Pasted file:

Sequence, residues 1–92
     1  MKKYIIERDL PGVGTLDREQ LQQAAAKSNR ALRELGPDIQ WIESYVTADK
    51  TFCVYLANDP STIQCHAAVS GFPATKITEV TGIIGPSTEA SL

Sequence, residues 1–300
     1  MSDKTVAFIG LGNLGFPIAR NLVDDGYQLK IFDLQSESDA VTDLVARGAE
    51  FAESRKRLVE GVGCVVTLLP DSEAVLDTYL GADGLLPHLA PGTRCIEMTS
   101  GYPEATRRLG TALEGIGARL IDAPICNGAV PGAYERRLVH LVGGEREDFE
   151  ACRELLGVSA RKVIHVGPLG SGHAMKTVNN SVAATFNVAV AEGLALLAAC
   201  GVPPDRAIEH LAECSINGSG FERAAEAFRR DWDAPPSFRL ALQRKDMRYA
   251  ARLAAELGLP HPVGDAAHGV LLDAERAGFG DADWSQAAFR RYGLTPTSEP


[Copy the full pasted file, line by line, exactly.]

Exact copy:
Sequence, residues 1–92
     1  MKKYIIERDL PGVGTLDREQ LQQAAAKSNR ALRELGPDIQ WIESYVTADK
    51  TFCVYLANDP STIQCHAAVS GFPATKITEV TGIIGPSTEA SL

Sequence, residues 1–300
     1  MSDKTVAFIG LGNLGFPIAR NLVDDGYQLK IFDLQSESDA VTDLVARGAE
    51  FAESRKRLVE GVGCVVTLLP DSEAVLDTYL GADGLLPHLA PGTRCIEMTS
   101  GYPEATRRLG TALEGIGARL IDAPICNGAV PGAYERRLVH LVGGEREDFE
   151  ACRELLGVSA RKVIHVGPLG SGHAMKTVNN SVAATFNVAV AEGLALLAAC
   201  GVPPDRAIEH LAECSINGSG FERAAEAFRR DWDAPPSFRL ALQRKDMRYA
   251  ARLAAELGLP HPVGDAAHGV LLDAERAGFG DADWSQAAFR RYGLTPTSEP